A series of bizarre murders—the victims nearly unidentifiable—forces FBI tracker “Steps” Craig to match wits with the most cold-blooded killer he’s ever encountered.
There has been a murder, but not only is the identity of the victim unknown, most of the body itself is missing. All that’s been found is a pair of feet, stored in a portable cooler, and left in the house of a Federal judge in El Paso, Texas. The killer apparently broke into the judge’s house, left his grizzly message, and disappeared without a trace. With no clues as to the killer, the person killed, or the intent behind the cooler, all the authorities really know is that this likely isn’t the killer’s first—or his last—victim.
Magnus “Steps” Craig is an FBI agent and an elite tracker, easily the best in the world. Steps is renowned for his incredible ability to find and follow trails over any surface. As part of the three-man special team, FBI’s Special Tracking Unit (STU), he is called in on cases where his skills are indispensable. But there’s a secret to his skill. Steps has a kind of synesthesia, an ability that allows him to see whatever each particular person has touched in a unique color—what Steps calls ‘shine.’ His ability is known to only a few people—his father, the director of the FBI, and his partner, Special Agent Jimmy Donovan.
While the Special Tracking Unit tries to grapple with the gruesome scene in El Paso, they soon discover another, earlier victim. Once again, only the feet—in a disposable icebox—were left behind. With almost no clues besides the body parts, Steps and his team find themselves enmeshed in the most difficult case of their careers. And The Icebox Killer has only just begun.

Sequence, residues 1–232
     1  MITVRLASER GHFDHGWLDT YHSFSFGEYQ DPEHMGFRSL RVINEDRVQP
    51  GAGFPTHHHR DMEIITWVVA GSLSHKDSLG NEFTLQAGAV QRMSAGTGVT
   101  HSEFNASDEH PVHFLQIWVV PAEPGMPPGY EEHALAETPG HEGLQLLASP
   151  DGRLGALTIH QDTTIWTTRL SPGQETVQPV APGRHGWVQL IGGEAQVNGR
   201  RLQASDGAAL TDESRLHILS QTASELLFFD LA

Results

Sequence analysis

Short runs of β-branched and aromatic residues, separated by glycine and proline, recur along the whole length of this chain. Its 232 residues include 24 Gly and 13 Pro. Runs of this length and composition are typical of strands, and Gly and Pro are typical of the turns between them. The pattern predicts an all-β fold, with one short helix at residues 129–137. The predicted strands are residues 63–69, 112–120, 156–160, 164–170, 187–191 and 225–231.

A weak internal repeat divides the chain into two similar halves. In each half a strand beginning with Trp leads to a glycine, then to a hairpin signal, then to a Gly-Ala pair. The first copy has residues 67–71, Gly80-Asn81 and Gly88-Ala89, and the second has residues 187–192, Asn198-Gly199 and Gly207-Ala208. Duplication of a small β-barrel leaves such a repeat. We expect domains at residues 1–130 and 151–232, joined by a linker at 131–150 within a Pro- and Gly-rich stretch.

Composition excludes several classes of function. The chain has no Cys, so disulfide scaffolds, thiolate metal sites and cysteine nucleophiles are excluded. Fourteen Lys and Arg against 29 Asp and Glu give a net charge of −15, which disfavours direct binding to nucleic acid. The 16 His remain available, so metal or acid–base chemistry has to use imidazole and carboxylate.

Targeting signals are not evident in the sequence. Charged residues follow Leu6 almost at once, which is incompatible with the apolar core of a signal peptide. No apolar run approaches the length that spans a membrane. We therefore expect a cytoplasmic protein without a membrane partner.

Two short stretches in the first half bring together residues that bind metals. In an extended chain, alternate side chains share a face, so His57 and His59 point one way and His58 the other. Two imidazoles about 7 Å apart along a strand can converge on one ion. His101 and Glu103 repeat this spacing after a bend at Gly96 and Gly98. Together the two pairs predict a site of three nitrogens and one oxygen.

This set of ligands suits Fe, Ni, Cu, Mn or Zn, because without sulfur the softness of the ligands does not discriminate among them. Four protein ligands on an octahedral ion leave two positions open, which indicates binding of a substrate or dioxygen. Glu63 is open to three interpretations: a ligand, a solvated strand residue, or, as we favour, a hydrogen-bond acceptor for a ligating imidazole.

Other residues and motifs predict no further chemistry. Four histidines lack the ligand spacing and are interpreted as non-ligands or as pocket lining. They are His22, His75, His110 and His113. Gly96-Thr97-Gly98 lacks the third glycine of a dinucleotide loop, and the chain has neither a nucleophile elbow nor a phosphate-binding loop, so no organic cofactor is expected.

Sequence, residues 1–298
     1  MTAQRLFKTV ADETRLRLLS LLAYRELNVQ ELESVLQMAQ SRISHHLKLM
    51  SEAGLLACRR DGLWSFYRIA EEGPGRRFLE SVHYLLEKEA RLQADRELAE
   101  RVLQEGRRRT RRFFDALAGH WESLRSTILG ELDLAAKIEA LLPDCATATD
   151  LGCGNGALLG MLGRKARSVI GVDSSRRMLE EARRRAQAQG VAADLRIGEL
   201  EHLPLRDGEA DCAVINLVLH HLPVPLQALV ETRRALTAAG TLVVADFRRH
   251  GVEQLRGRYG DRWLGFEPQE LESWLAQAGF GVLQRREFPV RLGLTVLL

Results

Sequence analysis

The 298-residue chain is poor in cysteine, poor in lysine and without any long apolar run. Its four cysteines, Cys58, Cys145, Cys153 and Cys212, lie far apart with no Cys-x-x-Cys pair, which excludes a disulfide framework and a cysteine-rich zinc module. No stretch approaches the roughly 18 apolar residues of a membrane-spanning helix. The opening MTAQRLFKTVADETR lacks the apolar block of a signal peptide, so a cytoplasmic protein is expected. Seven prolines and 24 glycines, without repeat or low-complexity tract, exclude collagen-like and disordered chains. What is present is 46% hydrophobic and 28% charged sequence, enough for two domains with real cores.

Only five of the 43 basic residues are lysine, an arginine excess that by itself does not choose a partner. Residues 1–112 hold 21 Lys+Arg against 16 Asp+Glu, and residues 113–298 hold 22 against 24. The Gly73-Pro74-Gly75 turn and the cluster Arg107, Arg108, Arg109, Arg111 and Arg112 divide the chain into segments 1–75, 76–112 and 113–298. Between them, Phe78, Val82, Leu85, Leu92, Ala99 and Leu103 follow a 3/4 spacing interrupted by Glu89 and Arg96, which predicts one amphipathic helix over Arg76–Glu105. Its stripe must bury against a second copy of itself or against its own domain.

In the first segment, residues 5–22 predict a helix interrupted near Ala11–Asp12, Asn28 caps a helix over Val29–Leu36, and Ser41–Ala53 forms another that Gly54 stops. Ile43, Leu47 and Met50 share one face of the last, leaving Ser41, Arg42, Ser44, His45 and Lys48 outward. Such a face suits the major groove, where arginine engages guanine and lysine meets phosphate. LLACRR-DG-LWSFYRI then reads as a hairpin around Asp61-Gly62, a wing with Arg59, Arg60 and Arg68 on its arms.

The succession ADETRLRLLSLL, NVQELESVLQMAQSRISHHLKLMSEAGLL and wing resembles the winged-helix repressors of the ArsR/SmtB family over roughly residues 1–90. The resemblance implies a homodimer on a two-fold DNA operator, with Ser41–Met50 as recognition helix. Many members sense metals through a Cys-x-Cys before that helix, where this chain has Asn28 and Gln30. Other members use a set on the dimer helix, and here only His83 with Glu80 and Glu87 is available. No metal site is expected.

Kope's disappointing sequel to 2016's Collecting the Dead takes Magnus "Steps" Craig, an FBI agent with the ability to see an individual's "shine" (a unique color signature), and his partner in the elite Special Tracking Unit, Jimmy Donovan, to El Paso, Tex., where a federal judge has discovered a pair of severed feet packed in a cheap ice chest in his living room. Steps uses the shine of the person he dubs the Ice Box Killer to follow the culprit on a winding route that takes him and Donovan to the swamps of Louisiana and into the deserts of New Mexico. While Steps's enhanced visual sense came across as an interesting, if not entirely believable, quirk in the previous book, this time it serves as a plot crutch that allows pieces of the narrative to fall too easily into place. Steps and Donovan both display questionable law enforcement knowledge throughout (e.g., they don't know how many murders someone has to commit in order to be considered a serial killer), lending the whole novel an air of inauthenticity. Readers will hope that Kope, a Washington State police crime analyst, will put his expertise to better use next time.